Celebrity Paradox: Halleck's doctor tells him at one point that he's "starting to sound a little like a Stephen King novel". (King originally published that book under his Pen Name Richard Bachman, and made this reference to throw people off.)
Cursed with Awesome: Billy Halleck is cursed to rapidly lose weight even if he consumes eight thousand calories in one day, which is awesome at first because he was originally overweight and at high risk of heart problems. However, once it gets to the point where Billy is rapidly approaching the underweight category, and again at high risk of heart problems, the "Awesome" element is dropped entirely.
Driven to Suicide: The judge and the cop eventually both kill themselves. So does Halleck at the end, probably.
Fat Suit: Burke had to wear one to play the obese lawyer at the beginning.
A Friend in Need: When his wife fails to believe he is cursed (and in fact conspires with a local doctor to commit him to a Mental Institution should he return home), Billy turns to Richie Ginelli, a Mafioso who he is acquainted with. Richie sends Billy a doctor, then shows up himself to wreck havoc on the Gypsies until the they agree to lift the curse. He dies for his troubles, but accepted that fact beforehand.
Gypsy Curse: Three, to be precise: The titular one, the "lizard" one on the judge, and the mega-acne one on the cop.
Lizard - Judge Rossington's curse. Causes him to grow scales all over his body due to his cold-blooded nature.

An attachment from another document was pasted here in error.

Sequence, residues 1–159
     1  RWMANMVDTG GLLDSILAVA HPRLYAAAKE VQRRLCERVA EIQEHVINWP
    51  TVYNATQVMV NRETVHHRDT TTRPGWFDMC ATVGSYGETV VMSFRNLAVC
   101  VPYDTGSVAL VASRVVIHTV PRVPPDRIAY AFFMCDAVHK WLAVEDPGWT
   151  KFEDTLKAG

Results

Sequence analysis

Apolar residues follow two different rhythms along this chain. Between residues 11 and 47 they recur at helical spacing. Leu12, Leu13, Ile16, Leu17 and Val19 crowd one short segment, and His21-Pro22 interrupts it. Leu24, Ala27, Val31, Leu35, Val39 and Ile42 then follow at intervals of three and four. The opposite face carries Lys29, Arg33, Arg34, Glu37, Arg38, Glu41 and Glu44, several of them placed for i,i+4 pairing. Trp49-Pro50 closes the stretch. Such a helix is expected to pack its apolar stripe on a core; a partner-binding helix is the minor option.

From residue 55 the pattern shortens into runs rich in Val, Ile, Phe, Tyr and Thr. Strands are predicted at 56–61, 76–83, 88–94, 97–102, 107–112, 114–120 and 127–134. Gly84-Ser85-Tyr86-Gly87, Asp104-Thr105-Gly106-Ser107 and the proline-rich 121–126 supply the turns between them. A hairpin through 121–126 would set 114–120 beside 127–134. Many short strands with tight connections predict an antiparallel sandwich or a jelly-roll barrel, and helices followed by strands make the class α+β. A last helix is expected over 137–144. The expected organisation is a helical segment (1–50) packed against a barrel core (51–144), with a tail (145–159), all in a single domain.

Unknown - Sheriff Hopley's curse. The name of the curse was not given, but it causes horrendous acne to crop up on Hopley's face, neck, and back. And by "horrendous", I don't mean "looks like chicken pox" - I mean... well...
Hopley's skin was a harsh alien landscape. Malignant red pimples the size of tea saucers grew out of his chin, his neck, his arms, the back of his hands. Smaller eruptions rashed his cheeks and forehead; his nose was a plague zone of blackheads. Yellowish pus oozed and flowed in weird channels between bulging dunes of proud flesh. Blood trickled here and there. Coarse black hairs, beard hairs, grew in crazy helter-skelter tufts, and Halleck's horrified overburdened mind realized that shaving would have become impossible some time ago in the face of such cataclysmic upheavals. And from the center of it all, helplessly embedded in that trickling red landscape, were Hopley's staring eyes.
Thinner - Billy Halleck's curse. Causes him to drop two pounds a day... until he is erased completely. It's initially a boon due to Halleck's morbid obesity, but he quickly learns that the weight loss will never stop on its own...